Empathy circles: from a moment to a movement
Multiple crises were affecting our employees. We felt an urgent need to support them. Empathy circles were born: safe spaces where our people could talk and feel safe
Last updated June 4, 2021
It all started when Covid-19 was first bearing down on the globe. All our employees were feeling the strain. Some had gone into isolation practically overnight and, even in those early days, were suffering from loneliness. Other employees were in shared apartments in big cities without much in the way of parks or green space. They did not have the space or quiet to work, or ways to decompress from the pressure. Still others found that quarantine was a blessing in disguise—they enjoyed more time in their beautiful homes, and taking Zoom calls while their children played in the garden.
Then the murders of George Floyd, Ahmaud Arbery and Breonna Taylor galvanised America and truly the rest of the world. People took to the streets in record numbers to say, Enough. At Zendesk, we made a public statement: We can’t stay silent.
The same storms were blowing across the world—and our employees were weathering them, but in very different boats.
The big idea: empathy out loud
We felt an urgent need to find a way to support our employees. The empathy circle idea emerged, although the name didn’t come until later. In an initial brainstorm, one of my colleagues said, “Those of us in the employee groups are always talking. But it’s the same sets of people confiding in each other. We have all these echo chambers in our employee resource groups.”
Philosophically, we all align on the concept of empathy, a core Zendesk value and yet, we felt that we had to shatter the echo chambers, and bring leadership into the fold, to listen.
We were eager to create forums, in different regions, to talk about this reality — that each of us approaches the same situation in different ways, because we are different people in different situations. And we had to act quickly: waiting on the sidelines, waiting out these crises, was not an option. Our people were hurting. They needed safe spaces where they could talk and vent, cry, and talk.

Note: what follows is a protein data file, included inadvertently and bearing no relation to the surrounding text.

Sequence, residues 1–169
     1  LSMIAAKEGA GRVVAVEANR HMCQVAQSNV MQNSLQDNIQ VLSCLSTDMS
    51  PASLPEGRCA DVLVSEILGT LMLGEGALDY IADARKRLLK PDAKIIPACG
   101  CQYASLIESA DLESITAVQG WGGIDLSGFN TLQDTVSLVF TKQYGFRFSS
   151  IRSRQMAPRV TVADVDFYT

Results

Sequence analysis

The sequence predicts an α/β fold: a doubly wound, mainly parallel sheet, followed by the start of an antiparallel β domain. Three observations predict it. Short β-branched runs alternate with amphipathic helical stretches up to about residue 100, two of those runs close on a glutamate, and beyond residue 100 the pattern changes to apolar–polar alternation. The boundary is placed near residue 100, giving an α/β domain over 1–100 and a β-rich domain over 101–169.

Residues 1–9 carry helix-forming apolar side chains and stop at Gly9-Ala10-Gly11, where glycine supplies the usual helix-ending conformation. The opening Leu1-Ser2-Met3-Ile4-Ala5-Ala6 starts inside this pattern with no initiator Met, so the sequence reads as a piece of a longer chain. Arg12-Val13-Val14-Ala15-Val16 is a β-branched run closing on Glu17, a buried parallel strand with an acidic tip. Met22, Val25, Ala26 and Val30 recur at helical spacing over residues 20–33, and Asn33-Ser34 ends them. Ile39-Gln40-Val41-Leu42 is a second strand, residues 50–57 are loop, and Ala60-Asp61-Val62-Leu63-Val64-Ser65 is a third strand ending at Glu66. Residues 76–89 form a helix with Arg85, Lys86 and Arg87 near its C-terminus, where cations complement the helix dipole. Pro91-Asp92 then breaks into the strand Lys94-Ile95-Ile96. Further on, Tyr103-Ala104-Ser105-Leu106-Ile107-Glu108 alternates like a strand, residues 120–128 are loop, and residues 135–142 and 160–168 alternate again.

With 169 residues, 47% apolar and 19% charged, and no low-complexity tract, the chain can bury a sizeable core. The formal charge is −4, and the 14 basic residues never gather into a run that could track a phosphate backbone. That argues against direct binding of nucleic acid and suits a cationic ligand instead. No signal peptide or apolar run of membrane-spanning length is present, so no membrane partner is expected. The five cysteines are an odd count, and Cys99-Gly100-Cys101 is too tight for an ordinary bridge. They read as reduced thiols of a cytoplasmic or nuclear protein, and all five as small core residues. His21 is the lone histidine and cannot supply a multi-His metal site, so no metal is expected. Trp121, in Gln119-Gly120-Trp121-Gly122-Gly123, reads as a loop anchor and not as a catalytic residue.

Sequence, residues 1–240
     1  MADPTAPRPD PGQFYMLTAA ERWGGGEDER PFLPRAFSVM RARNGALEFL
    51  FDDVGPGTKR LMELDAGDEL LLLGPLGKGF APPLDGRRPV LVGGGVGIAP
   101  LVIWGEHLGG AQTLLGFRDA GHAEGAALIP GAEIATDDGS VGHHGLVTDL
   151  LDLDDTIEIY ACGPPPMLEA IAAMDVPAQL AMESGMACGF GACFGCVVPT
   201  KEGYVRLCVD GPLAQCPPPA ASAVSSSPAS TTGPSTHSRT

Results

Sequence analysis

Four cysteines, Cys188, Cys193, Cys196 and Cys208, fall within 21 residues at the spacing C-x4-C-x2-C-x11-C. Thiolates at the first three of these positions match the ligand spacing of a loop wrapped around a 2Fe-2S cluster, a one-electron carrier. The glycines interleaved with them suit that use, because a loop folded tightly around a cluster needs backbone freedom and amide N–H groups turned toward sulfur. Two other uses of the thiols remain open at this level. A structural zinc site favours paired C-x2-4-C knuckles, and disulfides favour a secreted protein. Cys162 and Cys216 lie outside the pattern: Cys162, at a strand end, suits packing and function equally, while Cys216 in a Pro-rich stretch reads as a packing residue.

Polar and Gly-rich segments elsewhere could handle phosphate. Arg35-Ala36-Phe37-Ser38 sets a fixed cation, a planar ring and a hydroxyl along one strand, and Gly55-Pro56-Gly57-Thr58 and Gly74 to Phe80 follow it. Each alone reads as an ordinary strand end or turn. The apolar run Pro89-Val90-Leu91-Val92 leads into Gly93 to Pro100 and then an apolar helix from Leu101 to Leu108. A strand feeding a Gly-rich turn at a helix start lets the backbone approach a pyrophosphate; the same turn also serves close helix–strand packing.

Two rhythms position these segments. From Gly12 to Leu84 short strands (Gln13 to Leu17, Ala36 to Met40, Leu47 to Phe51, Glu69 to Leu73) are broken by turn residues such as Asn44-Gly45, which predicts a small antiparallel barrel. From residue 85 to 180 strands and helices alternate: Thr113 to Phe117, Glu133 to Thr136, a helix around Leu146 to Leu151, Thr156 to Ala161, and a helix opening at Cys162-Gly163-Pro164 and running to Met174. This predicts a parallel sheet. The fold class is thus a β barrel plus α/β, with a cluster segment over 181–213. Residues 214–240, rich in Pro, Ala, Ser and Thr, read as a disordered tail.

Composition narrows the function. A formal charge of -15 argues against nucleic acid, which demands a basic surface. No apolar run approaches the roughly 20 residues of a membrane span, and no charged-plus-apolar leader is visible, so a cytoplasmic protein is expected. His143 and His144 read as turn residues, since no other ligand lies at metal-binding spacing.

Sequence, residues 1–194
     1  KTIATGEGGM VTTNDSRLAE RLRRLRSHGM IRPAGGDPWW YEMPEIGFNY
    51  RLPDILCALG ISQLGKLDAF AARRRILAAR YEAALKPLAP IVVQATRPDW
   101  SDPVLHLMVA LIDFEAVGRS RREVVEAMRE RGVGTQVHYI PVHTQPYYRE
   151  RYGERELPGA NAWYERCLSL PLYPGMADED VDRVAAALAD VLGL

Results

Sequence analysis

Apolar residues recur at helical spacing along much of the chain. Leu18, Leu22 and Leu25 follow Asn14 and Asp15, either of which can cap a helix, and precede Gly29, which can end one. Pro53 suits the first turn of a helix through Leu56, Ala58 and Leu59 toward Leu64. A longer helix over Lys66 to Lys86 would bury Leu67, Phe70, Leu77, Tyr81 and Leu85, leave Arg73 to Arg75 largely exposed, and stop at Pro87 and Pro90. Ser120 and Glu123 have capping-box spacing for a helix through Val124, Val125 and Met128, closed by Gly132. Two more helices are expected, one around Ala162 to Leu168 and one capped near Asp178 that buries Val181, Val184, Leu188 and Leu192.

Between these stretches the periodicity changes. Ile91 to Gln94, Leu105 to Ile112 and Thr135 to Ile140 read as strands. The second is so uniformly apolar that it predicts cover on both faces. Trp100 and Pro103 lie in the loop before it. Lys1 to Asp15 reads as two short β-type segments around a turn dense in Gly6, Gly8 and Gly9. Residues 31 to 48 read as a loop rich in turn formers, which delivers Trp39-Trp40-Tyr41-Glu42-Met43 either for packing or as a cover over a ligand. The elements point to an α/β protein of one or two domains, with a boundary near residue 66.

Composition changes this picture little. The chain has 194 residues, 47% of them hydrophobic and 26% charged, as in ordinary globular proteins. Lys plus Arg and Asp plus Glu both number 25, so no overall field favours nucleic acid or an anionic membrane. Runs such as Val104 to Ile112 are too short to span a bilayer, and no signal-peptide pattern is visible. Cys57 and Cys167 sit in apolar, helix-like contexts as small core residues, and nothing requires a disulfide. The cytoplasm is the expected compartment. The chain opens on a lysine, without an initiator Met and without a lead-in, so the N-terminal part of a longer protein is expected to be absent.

Coming up with solutions was not the central goal: rather, we wanted to build an opportunity for our employees to speak their hearts and their minds, if only to say, "I’m feeling terrible"—to create listening sessions that would be absolutely safe.
“Empathy is very important. Everyone is fighting a battle we know nothing about. Be kind always.”
A Zendesk employee, during an Empathy Circle, 2020
Easier said than done
The conversations were bound to be raw and at times uncomfortable. How do you address the dichotomy of leaders who want to ‘solve’ and employees who wish them to ‘listen’ first. Listening is not generally considered an action by most of us.
We set out to amplify two of our core values: being humble and bringing empathy to life. The end goal: get people to talk openly and in a vulnerable way about their experiences, lived experiences both inside and outside Zendesk. And for leaders to listen and learn. That’s the first step towards empathy. You can’t empathise with something that you don’t understand—that’s sympathy, not empathy.
The leadership of listening
It was critical for our leaders to participate, but not in their expected capacity of keynote speakers—rather, as listeners. A very different role for many executives: going into a discussion, completely vulnerable, not being in charge, and being open to just listening, not talking. But that quiet visibility would have its own immense power—it would speak volumes without a single word.
How to address employee apprehension
People worry: "Can we be vulnerable? Can we share our stories and not be judged? Will there be retaliation against us because we shared stories?" This is what it takes to make them comfortable.
We had our Legal and HR representatives set the tone by reminding us of our legal non-retaliation policy.
Promise your employees that nothing will be recorded and the conversation is off the record. However, let it be known that we will take anonymous notes. Our collective stories and experiences make the company richer. But unattributed. Make your people comfortable with this. Tell them, "Our leaders are here to listen and learn from you. Nobody’s judging you."
An empathy arena